The appropriate feature difference between "consonants" and "vowels" is not terribly clear, but let's say vowels are [+vocalic] and consonants are [-vocalic]. Then the number of possible vowels is the same as the number of possible consonants, and for the consonants classified by the place of articulation features, there are also vowels classified in exactly the same way, by place of articulation.

Chomsky and Halle do depart from the orthogonality assumption when they declare the combination [+high,+low] to be impossible.

The first person to make theoretical use of feature orthogonality, so far as I know, was William Holder in Elements of Speech. Holder argued that there must be a velar nasal consonant in the series [m, n, ...] to match the places of articulation of [p, t, k].


While others have provided informative answers to this question, I would argue that the premise of this question is not completely accurate.

For example, in the traditional distinctive feature set, all phonemes (both vowels and consonants) are specified for the features [cons] and [son]. Further, it's true that there are additional features for which only vowels or only consonants are specified, but in a way this is an arbitrary distinction to single out. For example, in the same way that all vowels and sonorant consonants and glides are trivially [+son], all consonants besides /h/ and /ʔ/ are trivially considered [-spread] and [-constr], meaning those two features are not used to distinguish a vast majority of consonants. The resulting effect is that the minus value for those features on most consonants doesn't amount to much more than a placeholder. One could easily assign a minus values for those features on vowels and it would bear the same significance.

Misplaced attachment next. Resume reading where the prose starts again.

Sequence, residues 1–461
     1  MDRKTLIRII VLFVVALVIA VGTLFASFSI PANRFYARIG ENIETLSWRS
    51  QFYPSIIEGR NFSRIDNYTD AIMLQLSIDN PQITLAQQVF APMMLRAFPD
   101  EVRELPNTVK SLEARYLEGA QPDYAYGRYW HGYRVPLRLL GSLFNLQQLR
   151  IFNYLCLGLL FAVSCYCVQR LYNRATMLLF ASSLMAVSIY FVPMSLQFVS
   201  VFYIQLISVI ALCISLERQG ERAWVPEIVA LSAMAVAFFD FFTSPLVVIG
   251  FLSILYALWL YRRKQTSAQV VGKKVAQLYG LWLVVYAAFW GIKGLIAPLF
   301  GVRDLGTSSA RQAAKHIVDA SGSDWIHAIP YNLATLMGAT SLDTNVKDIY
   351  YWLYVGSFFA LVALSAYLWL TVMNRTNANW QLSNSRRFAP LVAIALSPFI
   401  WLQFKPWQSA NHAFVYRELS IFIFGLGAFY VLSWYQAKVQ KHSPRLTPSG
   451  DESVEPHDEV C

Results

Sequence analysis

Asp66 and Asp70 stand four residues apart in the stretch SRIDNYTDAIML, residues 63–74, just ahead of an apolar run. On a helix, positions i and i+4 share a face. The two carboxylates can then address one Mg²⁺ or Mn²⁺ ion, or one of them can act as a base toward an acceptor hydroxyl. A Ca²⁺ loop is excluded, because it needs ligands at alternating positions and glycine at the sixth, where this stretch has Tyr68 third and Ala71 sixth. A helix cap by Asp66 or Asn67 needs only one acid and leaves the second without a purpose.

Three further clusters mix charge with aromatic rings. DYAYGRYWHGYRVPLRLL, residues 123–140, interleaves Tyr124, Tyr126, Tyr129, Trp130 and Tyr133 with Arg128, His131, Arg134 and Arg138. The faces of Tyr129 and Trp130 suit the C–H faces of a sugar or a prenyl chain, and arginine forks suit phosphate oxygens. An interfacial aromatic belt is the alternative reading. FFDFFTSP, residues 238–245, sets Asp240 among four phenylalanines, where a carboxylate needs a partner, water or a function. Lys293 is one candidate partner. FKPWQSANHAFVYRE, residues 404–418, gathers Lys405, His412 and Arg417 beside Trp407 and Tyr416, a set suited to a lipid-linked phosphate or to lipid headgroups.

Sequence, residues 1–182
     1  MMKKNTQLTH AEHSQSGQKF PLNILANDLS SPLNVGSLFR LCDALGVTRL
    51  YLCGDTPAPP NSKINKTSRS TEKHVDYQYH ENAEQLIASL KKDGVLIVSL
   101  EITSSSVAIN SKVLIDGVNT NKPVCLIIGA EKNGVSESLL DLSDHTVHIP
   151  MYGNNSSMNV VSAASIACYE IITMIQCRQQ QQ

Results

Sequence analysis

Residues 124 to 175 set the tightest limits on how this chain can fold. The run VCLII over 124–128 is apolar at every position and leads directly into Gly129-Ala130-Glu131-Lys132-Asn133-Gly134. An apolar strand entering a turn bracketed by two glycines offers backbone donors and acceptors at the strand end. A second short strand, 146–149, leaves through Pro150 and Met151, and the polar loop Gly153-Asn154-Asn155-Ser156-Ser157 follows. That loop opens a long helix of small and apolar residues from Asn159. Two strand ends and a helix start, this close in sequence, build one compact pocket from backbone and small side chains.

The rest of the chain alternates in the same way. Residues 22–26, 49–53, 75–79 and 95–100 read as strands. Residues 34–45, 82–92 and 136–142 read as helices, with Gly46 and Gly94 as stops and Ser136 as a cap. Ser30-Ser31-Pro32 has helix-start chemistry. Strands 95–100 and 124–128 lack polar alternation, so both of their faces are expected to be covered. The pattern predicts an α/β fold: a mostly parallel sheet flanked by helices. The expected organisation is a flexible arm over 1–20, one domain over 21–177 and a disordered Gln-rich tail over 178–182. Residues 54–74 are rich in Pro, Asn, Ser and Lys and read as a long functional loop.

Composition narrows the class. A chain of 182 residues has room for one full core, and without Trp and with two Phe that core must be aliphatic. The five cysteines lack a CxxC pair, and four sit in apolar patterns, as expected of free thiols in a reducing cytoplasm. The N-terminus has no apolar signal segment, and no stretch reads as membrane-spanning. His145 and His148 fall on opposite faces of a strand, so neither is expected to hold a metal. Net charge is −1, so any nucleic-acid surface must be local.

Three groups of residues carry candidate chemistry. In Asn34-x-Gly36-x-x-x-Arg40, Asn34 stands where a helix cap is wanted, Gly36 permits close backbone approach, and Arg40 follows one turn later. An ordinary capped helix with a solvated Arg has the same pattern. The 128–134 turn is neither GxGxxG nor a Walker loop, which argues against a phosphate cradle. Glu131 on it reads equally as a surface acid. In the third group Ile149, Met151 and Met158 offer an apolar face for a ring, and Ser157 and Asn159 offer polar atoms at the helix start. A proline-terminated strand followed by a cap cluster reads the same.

It's true that some of the features used to distinguish vowels appear to have redundant analogues in the set used to distinguish consonants (e.g. [rounded] and [labial]), but really that is just a side effect of the fact that they are derived from similar articulatory properties. It is important to keep in mind that the distinctive features are just a convenient way to categorize phonemes at the phonological level (which is why I added the phonology tag to the post) and at the end of the day they are abstract labels derived mnemonically from articulatory (and in some cases acoustic) characteristics of the speech units with which they are associated.